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A Smuggler For Once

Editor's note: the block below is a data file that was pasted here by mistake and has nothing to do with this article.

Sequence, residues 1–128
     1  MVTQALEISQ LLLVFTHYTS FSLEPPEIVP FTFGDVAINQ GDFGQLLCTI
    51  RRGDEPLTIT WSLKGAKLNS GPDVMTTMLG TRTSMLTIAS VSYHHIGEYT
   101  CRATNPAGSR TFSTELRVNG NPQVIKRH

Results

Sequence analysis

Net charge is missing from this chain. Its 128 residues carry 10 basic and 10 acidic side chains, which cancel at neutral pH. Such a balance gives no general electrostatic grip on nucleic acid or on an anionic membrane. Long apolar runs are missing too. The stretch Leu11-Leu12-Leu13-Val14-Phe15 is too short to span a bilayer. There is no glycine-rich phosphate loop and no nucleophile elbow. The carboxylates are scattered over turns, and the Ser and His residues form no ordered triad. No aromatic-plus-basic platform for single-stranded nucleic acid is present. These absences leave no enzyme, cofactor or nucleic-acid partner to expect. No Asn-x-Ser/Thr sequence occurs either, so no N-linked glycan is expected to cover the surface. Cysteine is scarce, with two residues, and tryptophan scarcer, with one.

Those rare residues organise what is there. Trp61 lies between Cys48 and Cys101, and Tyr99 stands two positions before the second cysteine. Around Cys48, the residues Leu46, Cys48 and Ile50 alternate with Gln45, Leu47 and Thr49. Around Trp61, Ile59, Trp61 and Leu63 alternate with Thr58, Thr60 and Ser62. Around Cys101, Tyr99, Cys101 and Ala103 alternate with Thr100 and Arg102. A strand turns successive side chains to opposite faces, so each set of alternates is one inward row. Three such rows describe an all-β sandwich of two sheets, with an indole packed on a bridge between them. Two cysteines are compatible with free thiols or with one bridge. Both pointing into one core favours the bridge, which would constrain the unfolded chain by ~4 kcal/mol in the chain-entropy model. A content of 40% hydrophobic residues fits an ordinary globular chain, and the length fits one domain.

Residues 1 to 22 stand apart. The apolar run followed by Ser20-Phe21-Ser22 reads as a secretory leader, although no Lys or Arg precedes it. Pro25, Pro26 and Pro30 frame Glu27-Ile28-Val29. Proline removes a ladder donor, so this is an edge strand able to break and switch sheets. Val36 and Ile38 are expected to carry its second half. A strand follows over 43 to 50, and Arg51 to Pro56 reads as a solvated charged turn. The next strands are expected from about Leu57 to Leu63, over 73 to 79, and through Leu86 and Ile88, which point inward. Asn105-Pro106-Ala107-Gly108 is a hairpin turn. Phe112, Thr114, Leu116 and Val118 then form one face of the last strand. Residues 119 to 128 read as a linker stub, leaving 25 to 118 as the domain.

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One bitter cold morning in December I, John (Jurnon, stood leaning upoa the gate of my little garden, gloomily thinkng of the badness of trade. I was what they cali .in our parta a "Jouster," that is, I kept a horse and cart and went about the country jousting or selling fish. Por several weeks there had been notbing doing ; indeed, so bad a season had not been known for years, and niy wife Mary, tne old horse, and myself were geting unpleasantly near to starvation. I oould have borne this if I had had to bear it alone ; but Mary had been a valued servant in the parson's family, and not used to roughing it, and it cut me to the heart to see how thin and pale she was getting for want of the necessaries of life, which I did not know how to get. Poor girl ! weak as she was, she was the bravest of he two. Many a time when I was in .espair, her loving arnis would bethrown round my neck, and she would bid me cheer up and bear my troubles like a man, and I have answered that if I could bear them as patiently as a woman it would be better still. While standing at the gate, puzzling myself what to try that I hadn't tried already, I saw Tom Davis, a cousin of mine, coming along the lane, looking as sleek and comfortable as a well-groómed horse. t had always been a mystery to me how 'om lived. for let trade be ever so bad he never seemed to suffer but was well lothed, and looked jolly and happy. He was always civil ; but as he stopped now to give me the time of day, he noiced how queer I looked, and tho' I'm not given to talking of my troables, his ympathy loosened my tongue, and I told lim there wasn't a morsel of bread in the upboard, and I didn't know how to put uy there. He took a few whiffs of the short pipe ie was smoking, eyeing me hard the while, and then told me if I could keep a ecret he thought he could put me in the way of earniug a trifle. I was ready to )rouiise anything when I heard this, and when I assured him I would be as secret s the grave, he bade me bring my old ïorse to Kidler's cave upon the following ïight, punctually at 12. He would be here to meet me, but I was to ask no uestions. There might be a trifle of risk i what I should have to do, but nothing wrong ; at least, Tom saw no harm in it, tiough others might. " It's smuggling," I said to myself, and thought of Mary, who would sooner die ban know me todo anything that wasn't ast right. I was about to say no to 'om's offer, but Mary's wan face rose up jel'ore me, and I remembered how biting want was dragging her down to the grave. grew desperate. " I'm your man, Tom, risk or no risk. '11 be true there to my time, never fear me." He grasped the hand I held out, left a hilling in it, and with a nod walked on, eaving me with a weight upon my conscience which had never rested upon it before. All that day and the next, I could not meet Mary's eye without feeling as if I were holding a crime from her. When evening came, I told her that I was wanted for a little job of moving at the next village, and should not be home till late. She never doubted the tale, but smiled and kissed me when I went away leading old Bob by the bridle, I fancying that I had never seen a darker night, nor heard the wind moan so dismally before. Kidler's cave is situated in one of the most lonely parts of the Cornish coast, and there is not a house within a couple miles of the spot. After riding about half an hour, I came out of the lanes on to the beach, and another mile or so along the loot of the cliffs brought me to the cave. As I rode into it, I heard a voice say cautiously, " All right, John, the boat will be here directly," and I was not sorry to see Tom Davis mounted on a cob along side of me. Handing me a flask with some brandy in it, he made me take a nip, at the same time telling me with no little glee that the " coa8ties" were napping, and we should do them jolly. After waiting some few minutes we heard the regular click of oars in the rowlocks, followed by the grating of the boat's keel on the shingle. We rode out, and soon had several parcels strapped on each side of the horses ; then with scarcely u word spoken we set off, Tom giving me instructions where to leave my load, and adding that it would be as well to pait as soon as we got off the beach. Then away we went, but only to find out first - just as we quitted the beach - that the coast-guardsmen were not napping after all : two of them sprang upon us from behind a boulder, and clutched at the horse's bridle, but the creature swerved and that saved us. " Spur for your life !" muttered Tom in my ear, at the same moment riding his


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